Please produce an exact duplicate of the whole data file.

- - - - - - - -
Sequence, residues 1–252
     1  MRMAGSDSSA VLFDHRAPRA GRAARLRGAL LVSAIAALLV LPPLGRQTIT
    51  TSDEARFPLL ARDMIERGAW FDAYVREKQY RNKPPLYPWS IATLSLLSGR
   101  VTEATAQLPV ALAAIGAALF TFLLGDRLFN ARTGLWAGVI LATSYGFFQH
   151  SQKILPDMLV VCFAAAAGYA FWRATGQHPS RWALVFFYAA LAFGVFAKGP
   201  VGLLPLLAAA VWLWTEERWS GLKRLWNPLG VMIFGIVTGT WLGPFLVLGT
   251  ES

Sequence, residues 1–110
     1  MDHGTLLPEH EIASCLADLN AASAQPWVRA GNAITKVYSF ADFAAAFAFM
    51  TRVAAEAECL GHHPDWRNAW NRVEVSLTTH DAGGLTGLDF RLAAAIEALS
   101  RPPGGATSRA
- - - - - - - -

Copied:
Sequence, residues 1–252
     1  MRMAGSDSSA VLFDHRAPRA GRAARLRGAL LVSAIAALLV LPPLGRQTIT
    51  TSDEARFPLL ARDMIERGAW FDAYVREKQY RNKPPLYPWS IATLSLLSGR
   101  VTEATAQLPV ALAAIGAALF TFLLGDRLFN ARTGLWAGVI LATSYGFFQH
   151  SQKILPDMLV VCFAAAAGYA FWRATGQHPS RWALVFFYAA LAFGVFAKGP
   201  VGLLPLLAAA VWLWTEERWS GLKRLWNPLG VMIFGIVTGT WLGPFLVLGT
   251  ES

Sequence, residues 1–110
     1  MDHGTLLPEH EIASCLADLN AASAQPWVRA GNAITKVYSF ADFAAAFAFM
    51  TRVAAEAECL GHHPDWRNAW NRVEVSLTTH DAGGLTGLDF RLAAAIEALS
   101  RPPGGATSRA